Mount Bohemia, a hot spot for ski adventurers on Michigan's Keweenaw Peninsula, dazzles with black diamonds.
Now it's my turn. I'm standing in Murphy's tracks, looking out, mist rising from the forest below. I'm leaning on my ski poles, the plastic handles against my chest, peering over the edge. It's 20 feet to the snow. Twenty feet of free fall to a crater where Murphy touched down, exploded in a ball of white, then skied away like a thief.
A voice yells up: "You gonna huck it?"
It's the third run of the day at Mount Bohemia, a tiny ski area on Michigan's Keweenaw Peninsula. The theme of the resort, which opened as a rustic ski hill in 2000 with two used chairlifts and no chalet, is adventure. Black diamonds dot the trail map. Tree runs and steep chutes flank the hill. Cliffs are common.
A sign at the entrance to the resort reads "Warning: NO BEGINNERS ALLOWED."
Indeed, Mount Bohemia is an anomaly in the Midwest, where short runs, manmade snow and icy slopes are the norm. There's no bunny hill at Bohemia. And the area eschews grooming machines, keeping its slopes in their natural snowy state. Bohemia is a ski area with no snowmaking equipment. All the white stuff on the ground comes from the sky, sometimes 300 inches per season, the most seen at any Midwest resort. Two intermediate trails wind from the top of the mountain. Otherwise, all runs are black diamond or even more difficult.
My run at the moment -- the triple-black-diamond-rated "Slide Path" -- cuts a white swath through a prow of rock on Bohemia's front face. Murphy -- a skier from Appleton, Wis., whom I'd met on a chairlift ride -- is somewhere below and out of sight.
'All clear?" I yell, tapping a pole on the cliff's edge to check snow depth on the rock. The sky is low, snow swirling in wind. Lake Superior brews fog from its icy plane to the east. "Go!" comes the shout up the cliff, a faint affirmation through wind and snow.
I'd left Minneapolis at 3 a.m., driving north and east for seven hours with T.C. Worley, a friend and photographer. Sunrise arrived on an empty road somewhere in northern Wisconsin. Then it was 150 miles through Michigan's U.P., the land tapering to a point as the Keweenaw Peninsula approached the center of Lake Superior.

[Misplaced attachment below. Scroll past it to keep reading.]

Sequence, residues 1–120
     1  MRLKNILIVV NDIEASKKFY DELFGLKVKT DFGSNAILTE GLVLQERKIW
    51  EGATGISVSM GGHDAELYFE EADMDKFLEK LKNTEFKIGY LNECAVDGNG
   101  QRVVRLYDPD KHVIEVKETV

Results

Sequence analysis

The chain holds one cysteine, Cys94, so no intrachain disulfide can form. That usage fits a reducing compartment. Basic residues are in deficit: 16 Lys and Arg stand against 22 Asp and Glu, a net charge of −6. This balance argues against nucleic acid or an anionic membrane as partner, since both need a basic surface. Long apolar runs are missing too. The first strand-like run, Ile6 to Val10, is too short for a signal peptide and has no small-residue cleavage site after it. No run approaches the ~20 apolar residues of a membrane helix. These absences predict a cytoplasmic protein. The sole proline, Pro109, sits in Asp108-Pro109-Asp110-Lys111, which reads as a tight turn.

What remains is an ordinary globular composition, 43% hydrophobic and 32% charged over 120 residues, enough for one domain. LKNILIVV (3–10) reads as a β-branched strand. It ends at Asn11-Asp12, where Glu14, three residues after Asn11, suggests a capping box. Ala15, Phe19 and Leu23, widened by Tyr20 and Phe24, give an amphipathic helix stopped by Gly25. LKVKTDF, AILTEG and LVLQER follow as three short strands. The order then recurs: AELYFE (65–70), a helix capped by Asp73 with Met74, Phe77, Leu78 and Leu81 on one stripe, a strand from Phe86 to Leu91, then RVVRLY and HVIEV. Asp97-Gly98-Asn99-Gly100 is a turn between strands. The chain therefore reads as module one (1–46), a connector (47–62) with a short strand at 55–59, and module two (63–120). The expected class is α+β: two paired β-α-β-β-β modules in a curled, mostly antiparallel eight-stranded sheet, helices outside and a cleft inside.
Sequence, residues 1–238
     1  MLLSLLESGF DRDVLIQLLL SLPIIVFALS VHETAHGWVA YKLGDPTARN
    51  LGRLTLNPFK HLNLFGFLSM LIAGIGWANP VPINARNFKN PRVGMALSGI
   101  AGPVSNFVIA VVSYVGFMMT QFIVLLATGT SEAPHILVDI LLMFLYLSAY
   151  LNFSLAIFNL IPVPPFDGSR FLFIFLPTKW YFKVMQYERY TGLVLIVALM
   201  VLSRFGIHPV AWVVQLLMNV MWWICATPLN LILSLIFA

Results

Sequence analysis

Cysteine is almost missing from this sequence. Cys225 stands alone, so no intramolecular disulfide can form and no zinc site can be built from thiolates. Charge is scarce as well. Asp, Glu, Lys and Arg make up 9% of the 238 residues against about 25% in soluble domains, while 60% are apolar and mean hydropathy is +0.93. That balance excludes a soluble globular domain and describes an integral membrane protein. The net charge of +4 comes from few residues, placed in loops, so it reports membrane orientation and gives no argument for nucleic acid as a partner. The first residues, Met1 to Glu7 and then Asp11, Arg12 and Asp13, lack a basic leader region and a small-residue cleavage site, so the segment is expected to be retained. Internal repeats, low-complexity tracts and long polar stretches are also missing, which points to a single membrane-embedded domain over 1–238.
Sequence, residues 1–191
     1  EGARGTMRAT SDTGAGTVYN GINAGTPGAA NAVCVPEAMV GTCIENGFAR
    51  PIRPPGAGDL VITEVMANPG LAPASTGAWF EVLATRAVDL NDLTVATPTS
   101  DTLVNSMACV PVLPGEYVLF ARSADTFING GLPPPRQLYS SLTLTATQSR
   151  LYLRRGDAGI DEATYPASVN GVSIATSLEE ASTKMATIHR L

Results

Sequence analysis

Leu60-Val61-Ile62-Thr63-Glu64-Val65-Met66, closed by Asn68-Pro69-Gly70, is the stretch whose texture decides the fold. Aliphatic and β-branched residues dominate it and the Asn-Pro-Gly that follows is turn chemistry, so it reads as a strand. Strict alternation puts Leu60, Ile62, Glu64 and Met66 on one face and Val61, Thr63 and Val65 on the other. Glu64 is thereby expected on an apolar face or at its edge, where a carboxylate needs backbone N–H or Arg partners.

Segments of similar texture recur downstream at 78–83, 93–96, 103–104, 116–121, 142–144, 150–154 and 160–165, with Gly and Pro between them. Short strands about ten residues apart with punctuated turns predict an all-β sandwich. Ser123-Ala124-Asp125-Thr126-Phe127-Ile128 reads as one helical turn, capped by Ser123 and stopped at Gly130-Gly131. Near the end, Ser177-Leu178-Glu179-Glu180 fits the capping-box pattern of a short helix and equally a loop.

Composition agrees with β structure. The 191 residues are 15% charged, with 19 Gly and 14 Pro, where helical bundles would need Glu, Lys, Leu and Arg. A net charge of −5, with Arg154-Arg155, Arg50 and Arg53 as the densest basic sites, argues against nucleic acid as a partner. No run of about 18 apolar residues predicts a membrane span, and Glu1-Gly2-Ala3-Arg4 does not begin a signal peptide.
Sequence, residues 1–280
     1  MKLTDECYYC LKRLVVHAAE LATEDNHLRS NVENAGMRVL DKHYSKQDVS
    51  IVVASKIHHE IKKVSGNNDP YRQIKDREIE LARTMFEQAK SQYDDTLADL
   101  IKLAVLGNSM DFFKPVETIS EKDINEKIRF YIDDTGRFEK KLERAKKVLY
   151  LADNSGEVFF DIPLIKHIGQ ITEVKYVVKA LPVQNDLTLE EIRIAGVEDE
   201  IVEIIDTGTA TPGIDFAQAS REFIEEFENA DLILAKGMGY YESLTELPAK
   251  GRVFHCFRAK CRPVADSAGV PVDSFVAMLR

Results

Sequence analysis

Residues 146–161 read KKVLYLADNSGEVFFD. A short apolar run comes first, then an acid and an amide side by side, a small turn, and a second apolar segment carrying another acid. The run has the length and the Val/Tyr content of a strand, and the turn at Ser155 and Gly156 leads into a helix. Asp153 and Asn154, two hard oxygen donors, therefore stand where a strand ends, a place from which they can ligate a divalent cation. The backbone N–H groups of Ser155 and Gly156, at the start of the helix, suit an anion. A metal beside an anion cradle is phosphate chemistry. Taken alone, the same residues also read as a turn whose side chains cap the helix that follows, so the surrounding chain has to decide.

Worley and I were up for two days of skiing. Though remote, Bohemia's 1,465-foot peak -- which boasts mile-long runs and 900 feet of vertical drop -- regularly attracts skiers from as far away as Chicago.
Its history as a ski destination began, or tried to begin, in the late 1980s, when the raw hillside of Mount Bohemia was the speculation of a large resort-development firm. Condominiums, chalets and a convention center were part of a planned mega-resort to be called Lac La Belle. "The developers were trying to construct the Vail of the Midwest," said Lonie Glieberman, current president of Mount Bohemia.
But Lac La Belle failed to raise enough funding, Glieberman said. The resort was never built.
In the late 1990s, Glieberman, a businessman from Detroit, purchased the area and began planning a ski resort far removed from the proposed luxury lodges and condos of Lac La Belle. "I wanted to make something that was a first-of-its-kind," Glieberman said. "Bohemia would cater to an underserved market of skiers looking for adventure in the Midwest."
The result was a bare-bones ski hill that opened in 2000. Glieberman cleared a parking area and put up a warming hut. He hired workers to trim underbrush from half-mile-wide hillsides that autumn, then he waited for the snow, which most winters dumps by the foot from clouds off Lake Superior.
Taking the leap
Today, Bohemia's infrastructure is only slightly more complete. Yurts are used in lieu of a chalet at the base of the main lift. There are bunkbed-equipped cabins for rent. The spirit of the terrain -- and Glieberman's vision of an adventure-oriented resort -- remains unchanged since opening day.
From the cliff above "Slide Path," I could see clearly what Glieberman was going for. "Adventure" was in no short supply below. It's now been five minutes. Murphy is yelling for me to jump. Worley is leaning on a tree to my left, a camera lens aimed my way.